How To: Create a Message Box Flyout With User Control
- 4 minutes to read
The How To: Create a Modal Message Box Flyout and How To: Create a Pop-up Flyout examples demonstrate how to add a Flyout that contains either a Document or a FlyoutAction. In this example, the Flyout contains both a Document and an Action. Such Flyouts are designed to display complex message boxes with user controls and custom buttons.
- Create a new WindowsUI View application or open an existing one.
Open the DocumentManager’s context menu and run the Designer.
Switch to the ‘Elements’ section and select ‘Content Containers’. Click the ‘Add New Container’ button and choose ‘Flyout’ from the drop-down list.
- Select the newly created Flyout and change its name to userConrolFlyout via the property grid.
In the Visual Studio Solution Explorer window, right click your project and select ‘Add’, then ‘Add New Item’ and choose a User Control. Change its name to ucAddCustomer and click ‘OK’. Add four text boxes and labels onto your user control as shown below:
- Switch back to the Document Manager Designer. Open the ‘Elements’ section, choose ‘Documents’ and click the ‘Populate’ button. A document for your user control will be created automatically. Change its name to addCustomerDocument. Note that a corresponding Tile appears as well. You can remove it in the ‘Elements’ - ‘Tiles’ section.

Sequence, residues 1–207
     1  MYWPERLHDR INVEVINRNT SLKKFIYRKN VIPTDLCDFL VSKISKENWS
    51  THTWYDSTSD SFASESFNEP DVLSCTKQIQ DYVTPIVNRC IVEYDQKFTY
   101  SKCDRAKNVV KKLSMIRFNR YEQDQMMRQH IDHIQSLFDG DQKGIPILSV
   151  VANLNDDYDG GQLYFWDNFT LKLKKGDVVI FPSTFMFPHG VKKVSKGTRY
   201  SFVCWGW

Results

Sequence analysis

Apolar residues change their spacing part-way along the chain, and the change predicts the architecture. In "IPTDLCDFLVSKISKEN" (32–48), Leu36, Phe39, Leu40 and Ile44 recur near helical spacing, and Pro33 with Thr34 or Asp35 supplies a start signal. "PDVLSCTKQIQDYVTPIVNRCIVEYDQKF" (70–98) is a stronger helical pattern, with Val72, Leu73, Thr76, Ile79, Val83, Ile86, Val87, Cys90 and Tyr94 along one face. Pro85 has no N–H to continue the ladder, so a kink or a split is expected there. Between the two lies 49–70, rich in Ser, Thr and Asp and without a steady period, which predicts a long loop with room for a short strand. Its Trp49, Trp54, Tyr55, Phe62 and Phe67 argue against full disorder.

Now pass the created user control to the Flyout. To do so, assign the addCustomerDocument object to the Flyout.Document property.
Launch your application and click the WindowsUI Button. The result should be similar to the following:
As you can see, even if the IFlyoutDefaultProperties.Style property value equals FlyoutStyle.MessageBox, the Flyout is displayed as a pop-up. This occurs because no message box buttons were specified. The easiest way to add message box buttons is to use standard button sets via the Flyout.FlyoutButtons property. Set this property to YesNo and see the result.
Note that you may want something more flexible than standard button sets. In this example, ‘Yes’ and ‘No’ buttons do not perfectly fit the displayed content. In this case, use FlyoutActions.
Add your own custom button by creating a FlyoutCommand class descendant, and overriding the required properties.
Now you can add your custom button to the FlyoutAction.
The last step is to assign your action to the Flyout via the Flyout.Action property.
Launch your application to view the results:
To get which Flyout Button an end-user has clicked, handle the WindowsUIView.FlyoutHidden event.